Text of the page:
The election plan is the latest in a series of aggressive steps the entertainment giant has taken to prevent a 1,500-unit condo-apartment complex, and others like it, from taking shape near Disneyland and California Adventure.

Disney, which last month sued the city to block the project, has been unbending in its position that the area be reserved for tourist-related uses such as hotels, time-share units and, ultimately, a third Disney amusement park.

At a hastily called press conference Monday, Disneyland President Ed Grier said the ballot initiative represented “a permanent solution to protect the resort.” The initiative would require Anaheim voters to approve or reject any land-use changes within the 2.2-square-mile resort district.

Yet on the same day that Disney announced this “SOAR” Initiative to “save the Resort District”, the Fair Political Practices Commission ruled that Lucille Kring, the Anaheim City Councilmember who abstained on the 2-2 deadlock vote on the housing project, WAS NOT OBLIGATED TO ABSTAIN on the vote. Apparently since Kring has (so far) NOT ACTED on her intent to build a wine bar in a proposed shopping center in the Resort District, she has no conflict of interest by voting on Resort District matters. Now remember that Disney’s lawyers asked Kring to abstain on this vote, supposedly concerned about her supposed “conflict of interest”…
But did they have some other interest in mind? Mike Randall may have the answer:

The “Third Gate” seems to be the main reason for the pre-emptive strike by Walt Disney Co. rumors have been increasing that the company wants to bring the Cruise Line to the West Coast on a permanent basis, build large blocks of time shares, and zero in on high-end consumers with specialty hotels. According to the Los Angeles Times, Disney’s posturing is backed by a rebound in post 9/11 travel and a 30% revenue increase after a successful 50th anniversary celebration. In my honest opinion, I’m surprised Disney would move this quickly with plans for a “third-gate” when Disney’s California Adventure still gets the following monikers from locals: “Dirt Cheap Attractions” and “DOA” (Dead on Arrival). Disney has purchased a 46 acre area just Southeast of the current Theme Parks for a “future project” and according to local business and landowners, many have been approached to sell their land. To whom and for what still remains unknown.

In my honest opinion, I’m not all that surprised. Disney, after all, has not quite had the best relationship with its neighbors. Disney simply sees the “Anaheim Resort District” as one of its biggest cash cows, and they simply do not want to lose this VERY scared cow. However, Disney also refuses to think about what might be best for the Resort District, and for the company, in the long term, as they refuse to deal with the serious problem that is the affordable housing crisis in Southern California. After all, if we don’t deal with nearby affordable housing for these workers now, then we may have to deal with their freeway commutes from the Inland Empire soon.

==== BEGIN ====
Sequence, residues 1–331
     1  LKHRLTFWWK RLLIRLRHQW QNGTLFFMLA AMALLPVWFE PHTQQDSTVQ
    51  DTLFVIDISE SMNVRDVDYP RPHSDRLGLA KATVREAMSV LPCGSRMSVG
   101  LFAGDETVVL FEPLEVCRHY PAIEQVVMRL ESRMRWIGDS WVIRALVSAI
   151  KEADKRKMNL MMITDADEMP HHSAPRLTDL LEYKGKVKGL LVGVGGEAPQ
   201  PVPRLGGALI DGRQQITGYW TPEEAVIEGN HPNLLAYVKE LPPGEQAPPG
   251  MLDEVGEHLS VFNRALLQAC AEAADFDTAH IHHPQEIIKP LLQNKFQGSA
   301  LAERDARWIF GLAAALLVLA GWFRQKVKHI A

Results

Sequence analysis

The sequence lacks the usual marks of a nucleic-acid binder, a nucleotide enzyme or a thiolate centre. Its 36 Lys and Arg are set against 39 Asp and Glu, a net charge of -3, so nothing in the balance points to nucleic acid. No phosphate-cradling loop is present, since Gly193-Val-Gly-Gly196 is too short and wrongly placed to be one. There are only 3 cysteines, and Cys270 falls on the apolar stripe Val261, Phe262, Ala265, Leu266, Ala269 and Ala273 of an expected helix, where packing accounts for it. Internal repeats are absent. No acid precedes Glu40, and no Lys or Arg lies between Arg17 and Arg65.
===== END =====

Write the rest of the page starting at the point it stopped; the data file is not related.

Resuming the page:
So can all out political warfare over a 2.2 square mile cast a gloomy shadow over “The Happiest Place on Earth”? Will the dreams of Anaheim residents, and the dreams of Resort District workers, be silenced by Mickey Mouse? And can a Disney power grab over the “Resort District” lock Anaheim residents out of their very own “Magic Kingdom”?

Naranja News: Today’s Wild and Wonderful OC News Roundup

Here are today’s wild and wonderful OC stories that you just have to see to believe!

TABOR for All? In yesterday’s OC Register, Rep. John Ken-doll Campbell offers us an “American Taxpayer Bill of Rights” to fix all the fiscal woes that those “tax and spend Democrats” are already creating:

The road back to fiscal sanity in Washington is likely to be a long slog, unless Republicans are willing to boldly recommit ourselves to the principles that earned us the reputation as the party of lower taxes and less government. Today the Republican Study Committee, a caucus of approximately 100 fiscal and social conservatives in the House, will do just that when we unveil the American Taxpayer Bill of Rights.

Unfortunately for Ken-doll Campbell, Dan Chmielewski ain’t buying any of this “TABOR talk”.

But Republicans are hardly the party of less government. The size of the California government rose under Ronald Reagan. It rose under Pete Wilson. And it’s risen under Arnold Schwarzenegger. The size of the Federal Government grew under Richard Nixon, Gerald Ford, Ronald Reagan, George H.W. Bush and George W. Bush.

The president who actually reduced government: Bill Clinton, under the RE-GO initiative led by then VP Al Gore shrunk the size of the Federal Government to the lowest point since the Kennedy Administration.

Read the rest of what he has to say at The Liberal OC.